How to deal with over-motivation before a match
Like too much of anything in life, too much motivation can be bad for you. Being under-motivated is rarely good for you but being over-motivated can be worse. People in an over-motivated state are often more easily swayed by their emotions and their temper, which only makes the situation harder to turn around.
Motivation is different for everyone and is relative to each individual. For some people, they play their best squash when they psych themselves up before a match, whilst others perform better when they relax. These players will have different thresholds at which they become ‘over-motivated’. What might make the player who prefers a more relaxed pre-match atmosphere over-motivated might barely register with the player who works themselves into a frenzy pre-match. However you prefer to prepare pre-match, being over-motivated is still a danger.
Before the match is the best time for keeping an eye on your motivation levels, as you have time to make a difference.
Key signs to watch out for include:
- Being more energetic or excitable than normal
- Mind and thoughts are racing
- More intense feelings or thoughts about results or performance – particularly expectations
- More intense feelings of nervousness than normal
If you are prone to being over-motivated and have some of the symptoms above, you might want to design a pre-match routine for yourself. Even if you aren’t particularly prone to over-motivation, it might be worth building pre-emptive habits into your preparation.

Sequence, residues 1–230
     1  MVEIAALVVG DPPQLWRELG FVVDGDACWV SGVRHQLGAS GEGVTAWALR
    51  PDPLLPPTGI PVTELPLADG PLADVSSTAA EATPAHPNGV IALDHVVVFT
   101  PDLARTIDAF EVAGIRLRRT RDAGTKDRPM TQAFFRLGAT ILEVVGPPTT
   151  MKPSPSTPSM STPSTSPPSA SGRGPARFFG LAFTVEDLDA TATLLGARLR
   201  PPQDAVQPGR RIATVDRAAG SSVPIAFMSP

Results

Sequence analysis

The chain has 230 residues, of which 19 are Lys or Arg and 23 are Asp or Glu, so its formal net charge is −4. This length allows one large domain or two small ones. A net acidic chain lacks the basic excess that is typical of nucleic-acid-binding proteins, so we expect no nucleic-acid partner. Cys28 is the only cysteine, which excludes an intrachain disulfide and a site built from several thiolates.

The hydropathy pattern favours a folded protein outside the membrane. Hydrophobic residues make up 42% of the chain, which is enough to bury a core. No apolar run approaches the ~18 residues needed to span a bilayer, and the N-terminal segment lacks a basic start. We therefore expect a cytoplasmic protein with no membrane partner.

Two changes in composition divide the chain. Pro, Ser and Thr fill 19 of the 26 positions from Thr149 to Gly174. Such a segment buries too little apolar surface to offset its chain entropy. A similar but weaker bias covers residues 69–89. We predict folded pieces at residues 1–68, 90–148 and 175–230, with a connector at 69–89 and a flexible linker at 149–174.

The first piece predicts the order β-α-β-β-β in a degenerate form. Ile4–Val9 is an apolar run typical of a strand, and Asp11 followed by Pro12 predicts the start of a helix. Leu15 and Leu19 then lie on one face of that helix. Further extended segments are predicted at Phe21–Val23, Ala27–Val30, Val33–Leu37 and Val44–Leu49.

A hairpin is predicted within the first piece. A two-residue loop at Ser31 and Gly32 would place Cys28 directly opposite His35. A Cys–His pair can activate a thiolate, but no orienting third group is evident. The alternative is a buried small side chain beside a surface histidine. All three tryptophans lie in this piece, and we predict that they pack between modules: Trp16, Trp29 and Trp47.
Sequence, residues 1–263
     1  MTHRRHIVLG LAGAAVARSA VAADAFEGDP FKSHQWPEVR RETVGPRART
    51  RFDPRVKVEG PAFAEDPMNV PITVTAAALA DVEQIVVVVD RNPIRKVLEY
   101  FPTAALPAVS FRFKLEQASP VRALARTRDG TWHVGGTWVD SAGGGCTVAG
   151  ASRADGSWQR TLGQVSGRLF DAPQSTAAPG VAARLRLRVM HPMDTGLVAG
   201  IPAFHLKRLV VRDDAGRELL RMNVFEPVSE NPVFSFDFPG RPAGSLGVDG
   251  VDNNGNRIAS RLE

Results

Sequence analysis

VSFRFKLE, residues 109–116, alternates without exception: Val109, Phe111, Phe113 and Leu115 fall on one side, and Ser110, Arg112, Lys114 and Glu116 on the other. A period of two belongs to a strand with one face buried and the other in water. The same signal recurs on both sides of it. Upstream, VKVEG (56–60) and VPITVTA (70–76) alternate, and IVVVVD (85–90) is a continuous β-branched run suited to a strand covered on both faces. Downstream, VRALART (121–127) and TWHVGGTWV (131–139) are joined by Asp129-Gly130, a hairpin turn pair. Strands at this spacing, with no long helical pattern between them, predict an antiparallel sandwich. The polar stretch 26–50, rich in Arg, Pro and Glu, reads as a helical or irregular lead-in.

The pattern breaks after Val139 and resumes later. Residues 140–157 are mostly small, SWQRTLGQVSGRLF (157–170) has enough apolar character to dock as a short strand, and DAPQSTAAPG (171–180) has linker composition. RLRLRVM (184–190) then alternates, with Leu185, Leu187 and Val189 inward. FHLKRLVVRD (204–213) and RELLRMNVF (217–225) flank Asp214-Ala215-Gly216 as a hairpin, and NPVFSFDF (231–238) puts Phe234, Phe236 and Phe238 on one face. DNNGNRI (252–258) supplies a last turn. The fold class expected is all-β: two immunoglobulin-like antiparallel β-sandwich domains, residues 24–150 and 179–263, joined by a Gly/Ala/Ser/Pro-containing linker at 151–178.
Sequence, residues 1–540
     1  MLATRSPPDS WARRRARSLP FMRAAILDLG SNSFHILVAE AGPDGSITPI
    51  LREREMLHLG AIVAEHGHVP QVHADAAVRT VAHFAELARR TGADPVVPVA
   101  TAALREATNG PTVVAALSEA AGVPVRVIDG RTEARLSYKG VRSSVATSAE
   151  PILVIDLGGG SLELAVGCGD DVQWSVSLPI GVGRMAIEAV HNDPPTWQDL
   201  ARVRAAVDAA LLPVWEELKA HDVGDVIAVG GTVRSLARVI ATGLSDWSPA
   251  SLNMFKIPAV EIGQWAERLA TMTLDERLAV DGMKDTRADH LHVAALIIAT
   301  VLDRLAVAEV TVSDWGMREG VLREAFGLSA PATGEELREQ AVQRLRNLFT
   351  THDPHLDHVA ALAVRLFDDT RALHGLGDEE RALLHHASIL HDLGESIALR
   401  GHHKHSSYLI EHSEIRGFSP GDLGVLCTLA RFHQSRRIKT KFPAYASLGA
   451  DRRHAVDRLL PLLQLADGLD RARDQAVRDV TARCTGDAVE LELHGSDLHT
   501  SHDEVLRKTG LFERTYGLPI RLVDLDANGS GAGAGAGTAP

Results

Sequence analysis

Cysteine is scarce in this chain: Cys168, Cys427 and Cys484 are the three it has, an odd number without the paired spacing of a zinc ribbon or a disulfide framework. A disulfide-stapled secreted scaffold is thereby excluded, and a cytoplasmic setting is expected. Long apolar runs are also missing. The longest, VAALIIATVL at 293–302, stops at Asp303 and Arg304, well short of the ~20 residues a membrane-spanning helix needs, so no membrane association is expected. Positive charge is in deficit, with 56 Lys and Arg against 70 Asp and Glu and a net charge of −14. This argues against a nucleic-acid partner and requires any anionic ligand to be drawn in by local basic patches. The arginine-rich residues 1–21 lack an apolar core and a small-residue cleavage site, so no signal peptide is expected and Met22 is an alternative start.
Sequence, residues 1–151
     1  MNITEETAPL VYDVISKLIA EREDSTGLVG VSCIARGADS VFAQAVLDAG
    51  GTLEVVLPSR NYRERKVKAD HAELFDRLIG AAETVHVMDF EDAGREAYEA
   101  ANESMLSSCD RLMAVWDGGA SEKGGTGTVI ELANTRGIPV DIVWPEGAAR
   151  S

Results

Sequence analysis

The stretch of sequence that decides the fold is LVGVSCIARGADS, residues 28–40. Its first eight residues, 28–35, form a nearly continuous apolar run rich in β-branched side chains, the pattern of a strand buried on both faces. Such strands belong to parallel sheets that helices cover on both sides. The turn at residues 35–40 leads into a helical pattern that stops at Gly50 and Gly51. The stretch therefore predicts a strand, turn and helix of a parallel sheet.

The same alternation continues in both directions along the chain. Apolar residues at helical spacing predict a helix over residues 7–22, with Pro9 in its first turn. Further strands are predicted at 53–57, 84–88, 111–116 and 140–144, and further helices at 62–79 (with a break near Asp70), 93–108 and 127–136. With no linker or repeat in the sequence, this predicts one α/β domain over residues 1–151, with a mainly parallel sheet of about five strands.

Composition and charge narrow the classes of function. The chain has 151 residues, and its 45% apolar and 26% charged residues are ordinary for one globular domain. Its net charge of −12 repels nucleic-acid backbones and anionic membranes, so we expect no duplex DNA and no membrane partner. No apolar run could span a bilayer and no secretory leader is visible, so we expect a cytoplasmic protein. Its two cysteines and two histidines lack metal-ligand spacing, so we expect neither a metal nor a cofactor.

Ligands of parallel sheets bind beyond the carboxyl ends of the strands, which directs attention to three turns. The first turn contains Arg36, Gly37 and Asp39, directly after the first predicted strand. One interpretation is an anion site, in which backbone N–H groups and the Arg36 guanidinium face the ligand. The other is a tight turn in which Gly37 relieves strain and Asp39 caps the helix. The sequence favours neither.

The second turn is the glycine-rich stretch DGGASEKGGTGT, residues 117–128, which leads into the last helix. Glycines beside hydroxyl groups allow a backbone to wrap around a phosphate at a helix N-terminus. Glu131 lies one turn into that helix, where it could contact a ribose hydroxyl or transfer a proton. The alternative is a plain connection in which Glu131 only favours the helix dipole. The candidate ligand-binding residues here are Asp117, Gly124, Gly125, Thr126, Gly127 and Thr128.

To handle over-motivation before a match, try to:
- Relax in the build-up to a match by doing something completely non-squash related, and ideally not in the club or centre.
- Avoid thinking about the result or potential outcomes.
- Not start preparing for a match too early. If you start listening to music to psych yourself up hours before your match, you may find you mis-time your mental peak and arrive on court off-kilter.
- Develop mental cues in your pre-match routine – we talk about this in a lot more detail in ‘Getting in the zone’ – in the way you get dressed or pack your bag, your warm-up routine, or getting on court early to hit the ball a bit to help your rhythm.
Everyone is different and something that may work for me, or another person, may not work for you. All you can do is realise the situation you are in and acknowledge it, and then experiment with different things to see what has the best effect for you.
Look out soon for Part II: How to deal with over-motivation during a match.
You can see all posts on our site about the mental side of the game by clicking on the ‘Mental’ tag below next to the ‘Filed Under’ heading. Other related posts you may want to look at include: